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Courts Laying the Foundation for Paperless Mortgages

Posted by David Aach on Jul 26, 2016 9:00:00 AM

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When it comes to paperless mortgages, lenders know what the advantages are – lower costs, more flexibility and a faster closing process. But despite the advantages ditching paper provides, widespread adoption of paperless mortgages has been extremely slow.

 

Part of the reason for the slow adoption is the patchwork of laws governing things such as electronic notarization and acceptance from investors. But another challenge is concern over legal acceptance of eNotes, despite clear laws providing that electronically signed documents are as valid as those signed on physical paper. In a recent survey from National Mortgage News, 30% of lenders cited legal acceptance as one of the two biggest challenges to paperless mortgage adoption.

 

Earlier this spring, however, two court rulings laid the groundwork for removing those concerns. The rulings – one in New York and one in Florida – affirmed that lenders can enforce e-signed and transferred notes. In both cases, the judges ruled that the electronic transfer history of the note signed electronically proved that the lender had the legal authority to foreclose on a delinquent loan.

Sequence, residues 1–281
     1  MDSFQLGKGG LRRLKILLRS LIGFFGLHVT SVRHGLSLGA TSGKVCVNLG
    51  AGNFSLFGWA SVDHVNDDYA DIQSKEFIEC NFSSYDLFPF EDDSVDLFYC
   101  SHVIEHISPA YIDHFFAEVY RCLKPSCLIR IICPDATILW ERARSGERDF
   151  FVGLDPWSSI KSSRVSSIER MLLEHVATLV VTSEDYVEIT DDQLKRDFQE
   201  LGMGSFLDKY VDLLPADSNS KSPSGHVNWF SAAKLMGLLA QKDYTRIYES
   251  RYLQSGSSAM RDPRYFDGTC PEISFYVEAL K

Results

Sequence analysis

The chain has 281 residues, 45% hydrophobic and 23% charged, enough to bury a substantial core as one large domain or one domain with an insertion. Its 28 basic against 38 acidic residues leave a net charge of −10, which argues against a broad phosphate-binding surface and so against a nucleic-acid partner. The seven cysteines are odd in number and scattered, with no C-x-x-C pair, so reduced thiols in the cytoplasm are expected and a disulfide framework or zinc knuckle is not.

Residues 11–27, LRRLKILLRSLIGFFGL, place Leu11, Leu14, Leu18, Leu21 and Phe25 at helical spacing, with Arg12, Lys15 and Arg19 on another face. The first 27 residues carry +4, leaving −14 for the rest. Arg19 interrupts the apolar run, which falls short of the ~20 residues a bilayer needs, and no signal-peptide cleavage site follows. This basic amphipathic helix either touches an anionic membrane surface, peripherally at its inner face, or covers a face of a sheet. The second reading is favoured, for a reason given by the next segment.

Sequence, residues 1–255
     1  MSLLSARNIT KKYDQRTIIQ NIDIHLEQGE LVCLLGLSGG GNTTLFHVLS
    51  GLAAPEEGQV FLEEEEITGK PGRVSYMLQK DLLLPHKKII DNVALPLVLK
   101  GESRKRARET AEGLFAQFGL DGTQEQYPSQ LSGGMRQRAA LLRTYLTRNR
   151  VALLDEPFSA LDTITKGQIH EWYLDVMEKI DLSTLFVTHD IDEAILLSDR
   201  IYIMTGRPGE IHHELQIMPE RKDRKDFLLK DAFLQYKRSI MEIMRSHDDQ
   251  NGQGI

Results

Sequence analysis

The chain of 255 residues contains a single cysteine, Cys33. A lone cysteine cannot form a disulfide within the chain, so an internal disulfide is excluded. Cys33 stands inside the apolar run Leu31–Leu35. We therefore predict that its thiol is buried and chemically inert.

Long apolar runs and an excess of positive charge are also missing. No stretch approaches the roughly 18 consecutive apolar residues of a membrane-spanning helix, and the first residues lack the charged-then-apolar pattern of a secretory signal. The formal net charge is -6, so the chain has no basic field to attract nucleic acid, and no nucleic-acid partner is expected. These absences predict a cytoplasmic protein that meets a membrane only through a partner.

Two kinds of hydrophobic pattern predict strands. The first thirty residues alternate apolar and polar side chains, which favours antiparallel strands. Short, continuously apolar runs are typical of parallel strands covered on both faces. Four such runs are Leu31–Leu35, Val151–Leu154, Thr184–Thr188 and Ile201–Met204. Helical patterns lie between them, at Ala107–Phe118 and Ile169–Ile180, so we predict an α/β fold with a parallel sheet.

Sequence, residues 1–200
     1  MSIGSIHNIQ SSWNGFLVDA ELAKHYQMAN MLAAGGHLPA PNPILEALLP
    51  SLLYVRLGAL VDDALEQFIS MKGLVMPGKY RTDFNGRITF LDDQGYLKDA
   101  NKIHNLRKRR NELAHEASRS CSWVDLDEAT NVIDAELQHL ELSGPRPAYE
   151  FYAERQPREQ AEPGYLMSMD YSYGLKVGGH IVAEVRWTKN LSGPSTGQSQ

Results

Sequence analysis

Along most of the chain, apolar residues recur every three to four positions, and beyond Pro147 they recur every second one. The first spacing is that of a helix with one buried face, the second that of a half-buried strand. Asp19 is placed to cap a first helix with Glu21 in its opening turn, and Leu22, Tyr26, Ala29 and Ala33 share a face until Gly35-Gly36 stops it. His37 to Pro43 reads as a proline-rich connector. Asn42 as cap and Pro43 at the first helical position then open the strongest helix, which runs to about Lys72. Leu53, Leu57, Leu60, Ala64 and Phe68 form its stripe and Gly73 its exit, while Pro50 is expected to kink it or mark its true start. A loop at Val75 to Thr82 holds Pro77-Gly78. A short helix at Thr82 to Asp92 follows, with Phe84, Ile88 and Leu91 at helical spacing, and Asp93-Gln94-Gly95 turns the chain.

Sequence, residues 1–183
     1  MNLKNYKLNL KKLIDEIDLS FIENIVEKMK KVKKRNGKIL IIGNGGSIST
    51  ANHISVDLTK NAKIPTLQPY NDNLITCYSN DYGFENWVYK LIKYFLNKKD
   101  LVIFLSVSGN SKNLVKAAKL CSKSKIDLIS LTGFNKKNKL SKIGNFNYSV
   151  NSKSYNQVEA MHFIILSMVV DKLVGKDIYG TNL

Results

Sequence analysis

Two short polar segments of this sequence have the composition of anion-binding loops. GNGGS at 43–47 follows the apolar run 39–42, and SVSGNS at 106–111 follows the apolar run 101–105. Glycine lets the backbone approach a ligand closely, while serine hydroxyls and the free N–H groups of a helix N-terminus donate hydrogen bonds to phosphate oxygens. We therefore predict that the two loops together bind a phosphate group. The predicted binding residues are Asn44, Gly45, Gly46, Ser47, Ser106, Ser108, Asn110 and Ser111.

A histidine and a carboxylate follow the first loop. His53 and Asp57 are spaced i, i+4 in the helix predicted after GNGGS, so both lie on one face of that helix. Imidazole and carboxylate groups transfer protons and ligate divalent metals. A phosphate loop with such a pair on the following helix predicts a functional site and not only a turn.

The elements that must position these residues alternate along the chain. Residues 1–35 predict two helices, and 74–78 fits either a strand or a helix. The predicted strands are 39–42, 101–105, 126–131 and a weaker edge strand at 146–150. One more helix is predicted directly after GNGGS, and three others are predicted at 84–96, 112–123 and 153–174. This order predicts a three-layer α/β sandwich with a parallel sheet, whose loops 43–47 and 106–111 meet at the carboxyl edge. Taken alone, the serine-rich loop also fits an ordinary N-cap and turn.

This should help allay concerns held by investors about purchasing eSigned notes on the secondary market.

 

The two cases involved different banks, but the outcome was the same. In New York, the state appeals court found that the loan currently held by New York Community Bank had a concrete transfer history from the originating institution to the current bank through the FDIC.

 

"The transfer history, together with the copy of the e-note itself, were sufficient 'to review the terms of the transferable record and to establish the identity of the person [or entity] having control of the transferable record,'" the court wrote in its decision. "This evidence was sufficient to establish the plaintiff's standing as the holder of the e-note and rendered the lack of proof of valid assignment irrelevant.”

 

The Florida case, which involved Well Fargo, found the same results regarding a loan owned by Fannie Mae.

 

These decisions erase the doubts many investors had about taking electronic notes. By making the loans more appealing to investors, the demand and appetite for paperless mortgages should rise, opening the door for lenders and originators to fully embrace the electronic closing table.

 

The technology to provide a complete paperless experience has been available for quite a while, and now the legal framework and support are providing the foundation for more lenders to make the leap into eMortgages.

 

Don’t be left behind. Ditch the paper and give your customers what they want – a smooth, fully electronic buying experience.

Topics: Technology